Living the Biggest Life I Can With Chronic IllnessJun 08, 2021
A few weeks ago I had the tremendous pleasure of getting out of town for the weekend. My wife and I own a tiny motorhome and because she is able-bodied and willing to do so much of the (literal) heavy-lifting, hauling, and driving, that it takes to get us out of the house and set up, we are able to go to the coast and have a change scenery. It is such a lucky and beautiful gift.
We have friends who joined us at the state campground, and for two days we enjoyed their company, had leisurely days, saw the ocean, and let our pups enjoy some time playing together, too. Living with multiple chronic illnesses including myalgic encephalomyelitis, fibromyalgia, pulmonary fibrosis, chronic migraine, and polyarthritis, (among others), I have learned a lot over the years about how to pace myself. I know, for example, that I need to rest up for trips like this, I need to attend to my needs during the trip (advocate for things like breaks, naps, changing plans mid-course, etc), and the toll of a weekend trip can take days, sometimes weeks, to recover from. These are the costs.
Although I am quite limited in my function, I have been training for the last two years by doing pulmonary rehab, riding a stationary bike, and taking the slowest of strolls in my neighborhood. I am now able, on a good day, at a snail’s pace, to walk two miles. (I used to climb mountains and I am so damn proud of these two miles — they may as well be Everest.) Before our trip, I had looked up some trails and found that there was a one-mile hike not far from our campsite. It was a loop (handy) at sea level (critical for my lungs) and had almost no elevation gain (also critical). My wife got out in her kayak and our friends decided to go for a walk with me. They were prepared to walk at my pace, so off we went.
I trudged. I slogged. I panted. I stopped – again, and again, and again – probably every 15 feet. But I pressed on as though I was storing up points or crowns in heaven, and I finished. It took everything I had (and more) to make it back to the trailhead and that night I woke up in searing pain. My hip (in particular) but my legs, in general, were on fire. I could not get back to sleep. No amount of my breakthrough meds even touched the pain.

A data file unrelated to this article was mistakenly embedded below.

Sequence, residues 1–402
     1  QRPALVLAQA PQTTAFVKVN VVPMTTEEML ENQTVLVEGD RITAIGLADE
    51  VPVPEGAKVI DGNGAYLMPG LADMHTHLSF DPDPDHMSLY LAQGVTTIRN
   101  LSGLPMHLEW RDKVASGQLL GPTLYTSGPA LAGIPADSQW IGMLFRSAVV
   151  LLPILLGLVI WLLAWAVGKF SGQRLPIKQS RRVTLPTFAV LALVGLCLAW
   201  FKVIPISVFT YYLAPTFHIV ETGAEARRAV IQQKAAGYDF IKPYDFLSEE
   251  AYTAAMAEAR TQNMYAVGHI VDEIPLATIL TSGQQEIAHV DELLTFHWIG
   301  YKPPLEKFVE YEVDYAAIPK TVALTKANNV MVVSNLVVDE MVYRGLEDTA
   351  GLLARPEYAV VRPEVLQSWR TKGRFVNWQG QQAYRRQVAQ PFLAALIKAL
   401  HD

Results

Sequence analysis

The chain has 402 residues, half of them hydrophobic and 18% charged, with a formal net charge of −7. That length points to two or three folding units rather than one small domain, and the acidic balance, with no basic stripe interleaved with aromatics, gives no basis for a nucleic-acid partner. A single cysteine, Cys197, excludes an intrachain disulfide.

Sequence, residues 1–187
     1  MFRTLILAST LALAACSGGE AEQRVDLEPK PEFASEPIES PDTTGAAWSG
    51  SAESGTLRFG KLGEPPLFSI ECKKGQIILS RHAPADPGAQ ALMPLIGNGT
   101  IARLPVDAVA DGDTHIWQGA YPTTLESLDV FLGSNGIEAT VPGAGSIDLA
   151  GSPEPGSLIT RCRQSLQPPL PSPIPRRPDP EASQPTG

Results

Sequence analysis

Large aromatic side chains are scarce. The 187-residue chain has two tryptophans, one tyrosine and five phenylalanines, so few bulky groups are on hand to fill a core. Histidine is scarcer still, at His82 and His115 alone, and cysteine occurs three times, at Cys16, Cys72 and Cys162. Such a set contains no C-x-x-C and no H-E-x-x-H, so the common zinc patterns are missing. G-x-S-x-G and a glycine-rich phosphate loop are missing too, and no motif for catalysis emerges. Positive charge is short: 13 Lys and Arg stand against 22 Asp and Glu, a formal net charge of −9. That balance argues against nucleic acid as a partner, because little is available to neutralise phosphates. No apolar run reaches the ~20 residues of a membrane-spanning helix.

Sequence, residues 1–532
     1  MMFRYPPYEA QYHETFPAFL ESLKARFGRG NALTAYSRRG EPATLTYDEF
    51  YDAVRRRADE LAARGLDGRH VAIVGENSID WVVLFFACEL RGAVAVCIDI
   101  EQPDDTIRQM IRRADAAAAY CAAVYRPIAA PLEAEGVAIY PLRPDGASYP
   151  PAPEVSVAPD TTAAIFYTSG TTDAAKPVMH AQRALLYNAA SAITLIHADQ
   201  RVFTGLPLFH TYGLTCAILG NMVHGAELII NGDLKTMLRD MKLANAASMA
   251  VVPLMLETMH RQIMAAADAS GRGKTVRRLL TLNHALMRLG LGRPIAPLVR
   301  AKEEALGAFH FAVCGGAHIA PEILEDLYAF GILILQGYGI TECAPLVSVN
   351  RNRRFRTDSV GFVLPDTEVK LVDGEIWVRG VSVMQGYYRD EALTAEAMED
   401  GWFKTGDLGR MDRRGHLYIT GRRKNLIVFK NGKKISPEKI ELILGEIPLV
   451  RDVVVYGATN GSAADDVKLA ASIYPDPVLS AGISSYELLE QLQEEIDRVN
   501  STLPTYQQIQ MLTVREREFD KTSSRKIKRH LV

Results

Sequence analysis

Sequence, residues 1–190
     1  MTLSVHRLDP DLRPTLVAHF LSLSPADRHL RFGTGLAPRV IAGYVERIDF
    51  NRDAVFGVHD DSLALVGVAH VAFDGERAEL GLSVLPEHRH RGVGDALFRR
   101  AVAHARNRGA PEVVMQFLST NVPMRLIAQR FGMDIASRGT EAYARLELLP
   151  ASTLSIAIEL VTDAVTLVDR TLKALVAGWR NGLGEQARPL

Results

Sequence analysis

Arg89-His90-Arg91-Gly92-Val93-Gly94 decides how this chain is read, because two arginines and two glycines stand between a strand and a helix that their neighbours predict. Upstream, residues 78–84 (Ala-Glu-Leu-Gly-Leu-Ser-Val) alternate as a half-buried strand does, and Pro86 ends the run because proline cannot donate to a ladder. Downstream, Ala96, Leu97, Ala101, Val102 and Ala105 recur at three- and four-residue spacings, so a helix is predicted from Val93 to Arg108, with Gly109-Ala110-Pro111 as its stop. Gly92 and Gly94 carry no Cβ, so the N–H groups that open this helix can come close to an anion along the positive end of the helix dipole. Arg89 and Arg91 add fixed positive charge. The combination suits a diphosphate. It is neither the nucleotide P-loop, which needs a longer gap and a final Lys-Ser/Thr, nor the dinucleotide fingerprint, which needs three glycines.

We went home the following day and I can hardly remember leaving. I didn’t help, I barely moved, I was of no use because I sent my body into a flare. I remember rocking, I remember crying. That night my hip and joint pain was an eight on the pain scale. There was no sleep for me and then the cycle of pain>sleeplessness>worse pain>inability to sleep was locked in. On our second day at home, my wife called our family doctor who came and gave me an injection which allowed me to get the first rest I’d had since doing myself in. I didn’t even get out of bed for another four days. It was another week or more before there was some normalcy and routine to my days again.
Yes, my life has limits (in truth, everyone’s does, we are just forced to reckon with those limits in more obvious ways). Those limits are variable and change from moment to moment. I am interested in figuring out where my limits are and living right up to them. I want to maximize what I’m doing each day and live the biggest life I can.
I know this isn’t a simple task, but I’m worth it. It means that I get it wrong sometimes and I pay dearly. But I can’t think of any reason I’d rather get it wrong. I’d pay all over again to see that heron majestically fly out of the lily pad studded pond up into the sand of madrones before I’d chose to sit on the couch all weekend. So, I guess that’s the messy truth, in my world, in many of our worlds. The cost of miscalculation is high, but what price am I willing to pay and for what things? Once I know those answers, I can start proceeding in the direction of the life I meant to be living – with all its concessions, accommodations and modifications.